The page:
Wisconsin Public Television

Series: Chronic Wasting Disease In Wisconsin's Deer

The deer herd at the heart of Wisconsin's beloved hunting tradition faces a growing threat in the form of chronic wasting disease, caused by an infectious type of protein called prions. The Wisconsin Department of Natural Resources began testing for CWD in 1999, detecting more than 100,000 infected deer since, mostly in southern areas of the state. As DNR policies for monitoring CWD shift amid changing political priorities for wildlife management, hunters and scientists remain concerned about the disease's threat to the health of the deer herd.
 
The issue of chronic wasting disease has been prevalent among the deer population in Wisconsin, but could the disease spread to humans? University of Minnesota professor Michael Osterholm says it might.
Wisconsin is continuing to grapple with the implications of chronic wasting disease and its effects on the state's deer herd and the hunting season.
Data from dead deer in Wisconsin and applied to living ones in Virginia could help detect disease earlier in herds in the Great Lakes states and elsewhere.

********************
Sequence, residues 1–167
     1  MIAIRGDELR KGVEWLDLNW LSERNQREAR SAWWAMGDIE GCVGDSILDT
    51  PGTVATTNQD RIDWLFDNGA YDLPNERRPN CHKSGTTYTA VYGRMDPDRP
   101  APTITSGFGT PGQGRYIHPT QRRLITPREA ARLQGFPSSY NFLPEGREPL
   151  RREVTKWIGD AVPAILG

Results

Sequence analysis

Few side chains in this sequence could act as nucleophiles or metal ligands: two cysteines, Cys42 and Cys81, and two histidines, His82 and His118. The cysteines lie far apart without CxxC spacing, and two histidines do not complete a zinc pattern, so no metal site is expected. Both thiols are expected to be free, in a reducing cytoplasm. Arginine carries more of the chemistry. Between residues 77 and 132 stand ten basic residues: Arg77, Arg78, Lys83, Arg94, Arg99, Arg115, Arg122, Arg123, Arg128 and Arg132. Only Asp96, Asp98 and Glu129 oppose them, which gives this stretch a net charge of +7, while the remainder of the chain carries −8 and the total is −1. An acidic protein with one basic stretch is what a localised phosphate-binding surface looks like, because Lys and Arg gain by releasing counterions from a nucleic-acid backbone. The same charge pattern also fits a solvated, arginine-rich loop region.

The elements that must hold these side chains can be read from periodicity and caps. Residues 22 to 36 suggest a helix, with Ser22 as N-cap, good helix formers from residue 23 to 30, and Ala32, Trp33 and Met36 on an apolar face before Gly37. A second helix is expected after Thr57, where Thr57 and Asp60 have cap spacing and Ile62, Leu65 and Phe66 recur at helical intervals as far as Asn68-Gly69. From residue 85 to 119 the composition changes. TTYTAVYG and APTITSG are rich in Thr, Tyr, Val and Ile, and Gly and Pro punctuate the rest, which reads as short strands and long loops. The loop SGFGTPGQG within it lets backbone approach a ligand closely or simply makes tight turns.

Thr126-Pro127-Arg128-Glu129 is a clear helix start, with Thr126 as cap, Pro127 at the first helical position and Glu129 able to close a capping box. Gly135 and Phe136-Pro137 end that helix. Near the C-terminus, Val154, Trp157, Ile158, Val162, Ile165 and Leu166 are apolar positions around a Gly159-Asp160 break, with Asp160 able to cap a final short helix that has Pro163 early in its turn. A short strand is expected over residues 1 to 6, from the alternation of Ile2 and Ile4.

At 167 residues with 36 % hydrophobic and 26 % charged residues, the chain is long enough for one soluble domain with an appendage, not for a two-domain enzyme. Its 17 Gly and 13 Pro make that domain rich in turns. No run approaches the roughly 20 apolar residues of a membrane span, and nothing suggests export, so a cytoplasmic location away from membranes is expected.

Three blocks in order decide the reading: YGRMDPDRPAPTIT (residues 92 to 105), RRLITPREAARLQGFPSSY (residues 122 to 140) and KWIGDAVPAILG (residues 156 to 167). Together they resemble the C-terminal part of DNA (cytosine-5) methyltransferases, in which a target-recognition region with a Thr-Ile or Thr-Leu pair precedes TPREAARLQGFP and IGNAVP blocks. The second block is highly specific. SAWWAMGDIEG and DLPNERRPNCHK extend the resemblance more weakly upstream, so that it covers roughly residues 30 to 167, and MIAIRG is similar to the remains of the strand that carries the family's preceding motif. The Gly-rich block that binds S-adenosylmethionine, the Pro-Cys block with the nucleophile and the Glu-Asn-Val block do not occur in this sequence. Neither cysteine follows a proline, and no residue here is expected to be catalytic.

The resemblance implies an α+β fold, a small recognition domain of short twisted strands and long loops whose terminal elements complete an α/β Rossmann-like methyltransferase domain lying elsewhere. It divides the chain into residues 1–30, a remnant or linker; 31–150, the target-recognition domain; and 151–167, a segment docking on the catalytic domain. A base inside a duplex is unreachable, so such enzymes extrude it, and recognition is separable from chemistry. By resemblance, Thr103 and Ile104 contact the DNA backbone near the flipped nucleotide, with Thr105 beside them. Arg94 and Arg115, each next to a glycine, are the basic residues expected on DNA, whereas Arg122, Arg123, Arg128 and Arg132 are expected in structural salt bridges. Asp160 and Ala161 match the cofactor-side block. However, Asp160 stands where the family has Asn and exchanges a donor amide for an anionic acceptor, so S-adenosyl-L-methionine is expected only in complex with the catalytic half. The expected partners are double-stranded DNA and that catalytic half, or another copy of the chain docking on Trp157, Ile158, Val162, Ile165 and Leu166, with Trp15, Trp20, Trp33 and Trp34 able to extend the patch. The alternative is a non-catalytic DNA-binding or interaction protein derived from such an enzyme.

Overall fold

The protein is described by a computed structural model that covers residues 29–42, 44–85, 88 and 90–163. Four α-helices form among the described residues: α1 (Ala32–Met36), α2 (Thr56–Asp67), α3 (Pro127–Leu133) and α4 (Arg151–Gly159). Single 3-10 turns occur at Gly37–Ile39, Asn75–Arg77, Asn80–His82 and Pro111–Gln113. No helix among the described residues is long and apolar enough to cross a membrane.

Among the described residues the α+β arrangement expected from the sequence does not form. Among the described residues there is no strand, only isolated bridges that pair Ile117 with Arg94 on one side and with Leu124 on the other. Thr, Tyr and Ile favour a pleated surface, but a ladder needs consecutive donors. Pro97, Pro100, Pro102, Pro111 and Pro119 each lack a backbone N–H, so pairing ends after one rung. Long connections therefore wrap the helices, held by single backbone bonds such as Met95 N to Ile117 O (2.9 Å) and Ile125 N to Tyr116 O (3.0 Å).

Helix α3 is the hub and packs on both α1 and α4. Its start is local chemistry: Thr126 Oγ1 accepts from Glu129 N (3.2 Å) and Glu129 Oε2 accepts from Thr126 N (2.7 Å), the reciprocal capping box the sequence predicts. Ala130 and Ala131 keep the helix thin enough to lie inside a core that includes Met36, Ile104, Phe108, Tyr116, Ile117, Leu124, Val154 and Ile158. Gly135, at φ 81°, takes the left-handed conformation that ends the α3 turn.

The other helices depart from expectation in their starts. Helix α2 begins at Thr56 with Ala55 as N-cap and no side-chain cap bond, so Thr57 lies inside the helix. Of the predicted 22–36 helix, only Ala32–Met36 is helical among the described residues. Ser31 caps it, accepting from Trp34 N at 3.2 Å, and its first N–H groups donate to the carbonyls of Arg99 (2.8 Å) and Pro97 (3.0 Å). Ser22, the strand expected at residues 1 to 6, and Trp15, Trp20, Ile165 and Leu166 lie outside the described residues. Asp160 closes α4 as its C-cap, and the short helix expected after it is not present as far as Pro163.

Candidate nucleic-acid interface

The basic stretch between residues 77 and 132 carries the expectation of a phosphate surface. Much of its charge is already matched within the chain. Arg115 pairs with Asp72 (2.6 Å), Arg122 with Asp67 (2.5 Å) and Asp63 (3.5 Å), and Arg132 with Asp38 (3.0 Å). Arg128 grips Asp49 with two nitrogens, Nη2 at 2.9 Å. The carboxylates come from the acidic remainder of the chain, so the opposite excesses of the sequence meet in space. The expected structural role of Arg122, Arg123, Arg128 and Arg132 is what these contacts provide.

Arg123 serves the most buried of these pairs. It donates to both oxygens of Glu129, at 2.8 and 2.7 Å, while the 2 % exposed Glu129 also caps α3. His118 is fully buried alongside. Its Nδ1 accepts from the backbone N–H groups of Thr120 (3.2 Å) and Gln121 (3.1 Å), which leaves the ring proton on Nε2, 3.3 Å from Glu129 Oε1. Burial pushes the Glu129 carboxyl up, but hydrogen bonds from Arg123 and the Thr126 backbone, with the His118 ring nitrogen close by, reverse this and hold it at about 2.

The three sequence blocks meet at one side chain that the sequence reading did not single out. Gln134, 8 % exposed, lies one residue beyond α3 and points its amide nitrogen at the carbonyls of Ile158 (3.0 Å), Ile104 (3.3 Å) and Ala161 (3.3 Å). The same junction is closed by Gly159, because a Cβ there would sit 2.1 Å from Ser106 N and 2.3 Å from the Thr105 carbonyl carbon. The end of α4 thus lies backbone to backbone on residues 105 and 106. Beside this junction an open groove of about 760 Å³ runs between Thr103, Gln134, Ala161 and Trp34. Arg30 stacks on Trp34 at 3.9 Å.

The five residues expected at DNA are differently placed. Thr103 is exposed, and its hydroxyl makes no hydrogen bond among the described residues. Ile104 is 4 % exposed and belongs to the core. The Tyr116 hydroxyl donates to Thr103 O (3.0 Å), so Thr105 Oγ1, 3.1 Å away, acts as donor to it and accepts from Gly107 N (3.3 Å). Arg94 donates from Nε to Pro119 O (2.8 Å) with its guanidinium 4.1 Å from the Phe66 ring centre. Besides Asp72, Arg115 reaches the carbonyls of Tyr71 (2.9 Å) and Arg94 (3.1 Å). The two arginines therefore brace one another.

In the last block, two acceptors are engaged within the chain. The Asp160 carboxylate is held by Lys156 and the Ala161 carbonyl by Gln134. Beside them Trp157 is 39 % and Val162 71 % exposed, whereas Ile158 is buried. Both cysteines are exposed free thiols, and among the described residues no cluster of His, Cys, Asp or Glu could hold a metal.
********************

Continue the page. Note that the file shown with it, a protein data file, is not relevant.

Wisconsin environmental regulators announced in August 2018 that they will take new steps to track and try to curb the spread of chronic wasting disease among the state's deer population.
Wisconsin enacted new rules for hunters and deer farms to halt the spread of chronic wasting disease. George Meyer, former Department of Natural Resources secretary and Wisconsin Wildlife Federation executive director, discusses these changes.
After years of Wisconsin testing fewer deer for chronic wasting disease but finding more cases of infections, a new study offered some additional clues about how CWD might spread through the environment.
Researchers have found prions that cause chronic wasting disease in Wisconsin's soil and water. UW-Madison soil scientist Joel Pederson explains what this research means about the spread of CWD around the state.
Chronic wasting disease used to frighten people in Wisconsin.
With deer hunting season underway, freelance journalist and UW-Madison lecturer Ron Seely discusses issues arising from chronic wasting disease a decade-and-a-half after it was first identified in Wisconsin.
The degenerative nervous system disorder chronic wasting disease primarily infects deer, moose and elk in several locations around North America, including in Wisconsin.